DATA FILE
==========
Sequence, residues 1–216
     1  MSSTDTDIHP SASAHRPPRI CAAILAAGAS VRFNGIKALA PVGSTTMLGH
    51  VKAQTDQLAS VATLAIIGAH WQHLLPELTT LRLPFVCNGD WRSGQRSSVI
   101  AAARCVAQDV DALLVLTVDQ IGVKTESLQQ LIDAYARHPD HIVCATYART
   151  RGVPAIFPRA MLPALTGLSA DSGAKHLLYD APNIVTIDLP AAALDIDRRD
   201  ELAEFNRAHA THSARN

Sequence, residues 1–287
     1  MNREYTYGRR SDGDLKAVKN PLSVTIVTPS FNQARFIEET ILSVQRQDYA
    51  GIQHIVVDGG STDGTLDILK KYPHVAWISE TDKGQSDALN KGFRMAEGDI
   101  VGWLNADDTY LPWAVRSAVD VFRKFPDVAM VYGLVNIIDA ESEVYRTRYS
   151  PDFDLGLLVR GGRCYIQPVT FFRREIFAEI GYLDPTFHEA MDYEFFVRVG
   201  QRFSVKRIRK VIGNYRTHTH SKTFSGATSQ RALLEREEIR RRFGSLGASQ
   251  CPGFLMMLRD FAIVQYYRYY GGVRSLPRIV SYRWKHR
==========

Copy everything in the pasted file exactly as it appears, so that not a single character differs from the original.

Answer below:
Sequence, residues 1–216
     1  MSSTDTDIHP SASAHRPPRI CAAILAAGAS VRFNGIKALA PVGSTTMLGH
    51  VKAQTDQLAS VATLAIIGAH WQHLLPELTT LRLPFVCNGD WRSGQRSSVI
   101  AAARCVAQDV DALLVLTVDQ IGVKTESLQQ LIDAYARHPD HIVCATYART
   151  RGVPAIFPRA MLPALTGLSA DSGAKHLLYD APNIVTIDLP AAALDIDRRD
   201  ELAEFNRAHA THSARN

Sequence, residues 1–287
     1  MNREYTYGRR SDGDLKAVKN PLSVTIVTPS FNQARFIEET ILSVQRQDYA
    51  GIQHIVVDGG STDGTLDILK KYPHVAWISE TDKGQSDALN KGFRMAEGDI
   101  VGWLNADDTY LPWAVRSAVD VFRKFPDVAM VYGLVNIIDA ESEVYRTRYS
   151  PDFDLGLLVR GGRCYIQPVT FFRREIFAEI GYLDPTFHEA MDYEFFVRVG
   201  QRFSVKRIRK VIGNYRTHTH SKTFSGATSQ RALLEREEIR RRFGSLGASQ
   251  CPGFLMMLRD FAIVQYYRYY GGVRSLPRIV SYRWKHR